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Issue 2, 2011
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Synthesis of sugar alcohols by hydrolytic hydrogenation of cellulose over supported metal catalysts

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Abstract

Cellulose is converted into sorbitol and related sugar compounds over water-tolerant and durable carbon-supported Pt catalysts under aqueous hydrogenation conditions. Pre-treatment of cellulose with ball-milling effectively reduces the crystallinity and particle size of cellulose, which results in high conversion of cellulose to sorbitol and mannitol. The selectivity of sorbitol increases by using Cl-free metal precursors in the catalyst preparation as residual Cl on the catalysts promotes the side-reactions. The transformation of cellulose to sorbitol consists of the hydrolysis of cellulose to glucoseviawater-soluble oligosaccharides and the successive hydrogenation of glucose to sorbitol. The hydrolysis of cellulose is the rate-determining step, and the Pt catalysts promote both the hydrolysis and the hydrogenation steps.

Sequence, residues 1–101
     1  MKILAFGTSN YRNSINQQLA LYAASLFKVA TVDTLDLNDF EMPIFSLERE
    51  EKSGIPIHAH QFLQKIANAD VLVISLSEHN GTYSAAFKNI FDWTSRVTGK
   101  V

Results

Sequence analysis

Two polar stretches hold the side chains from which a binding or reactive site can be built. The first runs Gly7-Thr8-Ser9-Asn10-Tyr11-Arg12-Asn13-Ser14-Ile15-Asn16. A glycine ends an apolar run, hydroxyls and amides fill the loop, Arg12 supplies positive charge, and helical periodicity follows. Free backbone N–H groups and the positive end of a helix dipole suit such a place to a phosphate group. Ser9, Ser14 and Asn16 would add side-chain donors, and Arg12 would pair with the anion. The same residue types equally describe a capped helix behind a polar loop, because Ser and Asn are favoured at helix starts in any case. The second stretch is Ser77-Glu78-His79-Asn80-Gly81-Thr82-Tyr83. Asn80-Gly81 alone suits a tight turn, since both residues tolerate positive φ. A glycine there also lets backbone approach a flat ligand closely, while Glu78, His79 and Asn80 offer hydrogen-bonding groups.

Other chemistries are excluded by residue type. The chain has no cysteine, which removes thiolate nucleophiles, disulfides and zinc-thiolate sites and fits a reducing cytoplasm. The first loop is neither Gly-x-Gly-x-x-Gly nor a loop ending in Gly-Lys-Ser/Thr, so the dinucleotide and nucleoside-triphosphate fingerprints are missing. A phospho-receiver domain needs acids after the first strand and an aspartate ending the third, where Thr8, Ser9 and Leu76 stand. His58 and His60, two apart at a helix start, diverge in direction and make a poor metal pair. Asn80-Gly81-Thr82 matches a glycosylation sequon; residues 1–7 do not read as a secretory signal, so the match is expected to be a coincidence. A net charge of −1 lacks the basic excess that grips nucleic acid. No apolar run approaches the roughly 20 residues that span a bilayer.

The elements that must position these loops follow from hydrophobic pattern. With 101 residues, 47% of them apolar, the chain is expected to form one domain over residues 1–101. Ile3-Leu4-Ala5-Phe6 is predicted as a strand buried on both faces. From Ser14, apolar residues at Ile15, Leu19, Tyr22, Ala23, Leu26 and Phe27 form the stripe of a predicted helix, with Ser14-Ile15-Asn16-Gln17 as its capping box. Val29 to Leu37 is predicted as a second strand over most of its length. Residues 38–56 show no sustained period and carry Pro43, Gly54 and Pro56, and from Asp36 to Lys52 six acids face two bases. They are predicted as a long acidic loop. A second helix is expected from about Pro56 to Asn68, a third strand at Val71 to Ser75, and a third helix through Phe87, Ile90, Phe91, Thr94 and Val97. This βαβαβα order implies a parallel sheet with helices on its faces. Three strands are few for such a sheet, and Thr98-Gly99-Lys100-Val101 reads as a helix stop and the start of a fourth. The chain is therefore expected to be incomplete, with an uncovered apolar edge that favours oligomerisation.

Graphical abstract: Synthesis of sugar alcohols by hydrolytic hydrogenation of cellulose over supported metal catalysts

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Publication details

The article was received on 10 Oct 2010, accepted on 15 Nov 2010 and first published on 13 Dec 2010


Article type: Paper
DOI: 10.1039/C0GC00666A
Citation: Green Chem., 2011,13, 326-333
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    Synthesis of sugar alcohols by hydrolytic hydrogenation of cellulose over supported metal catalysts

    H. Kobayashi, Y. Ito, T. Komanoya, Y. Hosaka, P. L. Dhepe, K. Kasai, K. Hara and A. Fukuoka, Green Chem., 2011, 13, 326
    DOI: 10.1039/C0GC00666A

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